What does the ummah (Muslim worldwide community) need today? More specifically, what does the ummah need to do for Ramadan? When reflecting on the many areas of improvement needed, it is crucial to also keep in mind the immense amount of good in our communities. There are countless individuals striving hard every day, sacrificing sleep and other worldly comforts or enjoyments in the pursuit of truth, justice, and relief for those who are suffering. Nevertheless, our ummah can benefit by reflecting on the following areas of need, extracted from three verses of Surat Muhammad.
Aiding the Cause of Allah
“Believers, if you aid Allah, He will come to your aid and will plant your feet firmly” (Qur’an 47:7). Allah commands us to “aid” His cause which requires us to prioritize the centrality of divine revelation in our lives and to abide by its commandments, prohibitions, and admonishments. No doubt, one might benefit most by starting in one’s home. Aiding Allah’s cause is to truly live by its principles in private, behind closed doors, when people in the outside world aren’t watching. Aiding His cause is to treat one’s family with mercy, justice, and love. It is to consume only what is permissible of provisions, to refrain from what is prohibited, and to be honest with Allah and with oneself in all matters. Aiding His cause and the deen is to pray on time, fast in Ramadan, and fulfill all the obligations of Islam because they’re of a greater priority than worldly desires and societal pressures. Aiding His cause is to speak the truth in all situations and to stand firm for justice regardless of who is on the other end of a conflict or situation.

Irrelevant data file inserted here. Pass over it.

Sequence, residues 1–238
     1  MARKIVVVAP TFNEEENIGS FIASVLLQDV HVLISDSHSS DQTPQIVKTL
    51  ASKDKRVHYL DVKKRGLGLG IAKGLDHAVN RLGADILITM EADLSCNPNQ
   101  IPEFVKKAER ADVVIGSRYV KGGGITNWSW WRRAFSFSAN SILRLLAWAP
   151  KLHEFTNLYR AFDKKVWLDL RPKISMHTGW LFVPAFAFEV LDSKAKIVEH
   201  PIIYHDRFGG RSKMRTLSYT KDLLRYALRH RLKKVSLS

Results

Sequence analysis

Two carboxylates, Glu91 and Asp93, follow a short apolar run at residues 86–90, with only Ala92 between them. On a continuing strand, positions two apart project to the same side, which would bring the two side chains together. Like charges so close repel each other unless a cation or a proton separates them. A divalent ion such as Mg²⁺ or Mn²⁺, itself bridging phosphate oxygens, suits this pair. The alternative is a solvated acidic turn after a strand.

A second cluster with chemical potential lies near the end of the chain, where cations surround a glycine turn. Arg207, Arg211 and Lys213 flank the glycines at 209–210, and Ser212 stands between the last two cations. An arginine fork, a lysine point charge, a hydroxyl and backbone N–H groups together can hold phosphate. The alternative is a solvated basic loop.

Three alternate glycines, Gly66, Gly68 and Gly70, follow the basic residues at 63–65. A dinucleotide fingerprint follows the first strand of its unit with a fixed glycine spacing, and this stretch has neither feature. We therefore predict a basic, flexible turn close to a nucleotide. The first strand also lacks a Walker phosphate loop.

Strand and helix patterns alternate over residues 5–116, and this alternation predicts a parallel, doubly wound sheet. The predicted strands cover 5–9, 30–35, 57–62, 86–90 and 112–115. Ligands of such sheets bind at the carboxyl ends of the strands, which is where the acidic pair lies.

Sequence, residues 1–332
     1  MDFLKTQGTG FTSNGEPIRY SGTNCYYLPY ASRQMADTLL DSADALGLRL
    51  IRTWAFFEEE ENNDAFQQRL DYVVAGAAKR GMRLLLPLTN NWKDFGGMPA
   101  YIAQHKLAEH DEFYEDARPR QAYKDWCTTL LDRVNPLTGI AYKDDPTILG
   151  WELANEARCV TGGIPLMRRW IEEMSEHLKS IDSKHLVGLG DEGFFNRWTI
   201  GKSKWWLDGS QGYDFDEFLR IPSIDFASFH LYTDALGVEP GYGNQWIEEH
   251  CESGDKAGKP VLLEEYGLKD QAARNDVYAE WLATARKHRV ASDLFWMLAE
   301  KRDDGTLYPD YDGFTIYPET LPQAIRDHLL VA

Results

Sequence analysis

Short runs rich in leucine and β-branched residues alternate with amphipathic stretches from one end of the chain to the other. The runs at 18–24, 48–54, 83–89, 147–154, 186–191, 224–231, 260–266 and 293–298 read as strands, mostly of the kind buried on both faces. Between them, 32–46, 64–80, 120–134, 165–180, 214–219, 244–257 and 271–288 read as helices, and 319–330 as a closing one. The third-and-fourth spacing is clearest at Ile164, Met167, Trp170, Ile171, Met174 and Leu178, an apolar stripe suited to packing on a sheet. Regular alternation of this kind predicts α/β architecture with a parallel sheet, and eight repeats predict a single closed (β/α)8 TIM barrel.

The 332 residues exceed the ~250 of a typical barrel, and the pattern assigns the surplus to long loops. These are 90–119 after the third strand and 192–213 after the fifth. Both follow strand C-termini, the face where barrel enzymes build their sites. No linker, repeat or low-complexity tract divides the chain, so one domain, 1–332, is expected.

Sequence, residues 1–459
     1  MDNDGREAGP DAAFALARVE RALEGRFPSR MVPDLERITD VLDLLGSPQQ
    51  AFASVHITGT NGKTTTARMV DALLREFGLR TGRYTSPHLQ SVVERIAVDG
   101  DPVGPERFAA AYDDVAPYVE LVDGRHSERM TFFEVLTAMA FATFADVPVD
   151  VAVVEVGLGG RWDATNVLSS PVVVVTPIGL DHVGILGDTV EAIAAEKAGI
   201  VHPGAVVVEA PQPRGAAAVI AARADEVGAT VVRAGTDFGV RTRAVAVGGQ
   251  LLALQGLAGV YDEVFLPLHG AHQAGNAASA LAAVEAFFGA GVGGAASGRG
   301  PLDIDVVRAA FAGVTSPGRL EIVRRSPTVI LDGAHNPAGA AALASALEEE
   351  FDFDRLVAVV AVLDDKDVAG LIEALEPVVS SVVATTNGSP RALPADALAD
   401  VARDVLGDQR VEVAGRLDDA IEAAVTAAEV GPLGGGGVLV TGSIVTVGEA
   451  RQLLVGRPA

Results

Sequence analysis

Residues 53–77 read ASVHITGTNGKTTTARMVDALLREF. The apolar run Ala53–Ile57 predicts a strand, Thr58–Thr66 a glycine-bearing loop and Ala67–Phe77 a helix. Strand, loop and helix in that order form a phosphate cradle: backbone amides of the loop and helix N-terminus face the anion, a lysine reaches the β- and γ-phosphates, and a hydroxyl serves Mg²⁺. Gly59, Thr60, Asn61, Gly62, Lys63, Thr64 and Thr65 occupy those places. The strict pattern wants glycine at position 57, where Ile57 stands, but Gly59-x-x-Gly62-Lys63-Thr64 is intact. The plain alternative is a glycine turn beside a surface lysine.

Aiding Allah’s cause is to stay strong when anti-Islamic sentiment increases in the world, when Islamophobia impacts society at a structural level, and when the number of people opposing your religious freedoms increases. It is to be courageous in practicing Islam openly and letting your Muslim identity shine forth, even when others might judge you, misunderstand you, or treat you differently. Aiding Islam is to stand united with your Muslim brothers and sisters and overcome any conflicts or differing opinions that might arise, and doing so in the most Islamic way, with good faith and meticulous adaab, and uncompromising fairness.
Our ummah today is greater in number and more advanced in technology and worldly materialism compared to previous generations of Muslims, and yet Muslims in many countries are oppressed and suffering. One of the primary reasons for the situation of Muslims today is a disconnect from the practice of Islam; instead, there is an attachment to this world and its illusions. Although this doesn’t imply that all previous Muslims were righteous or that all current Muslims are not, there is certainly room for improvement in our ummah today.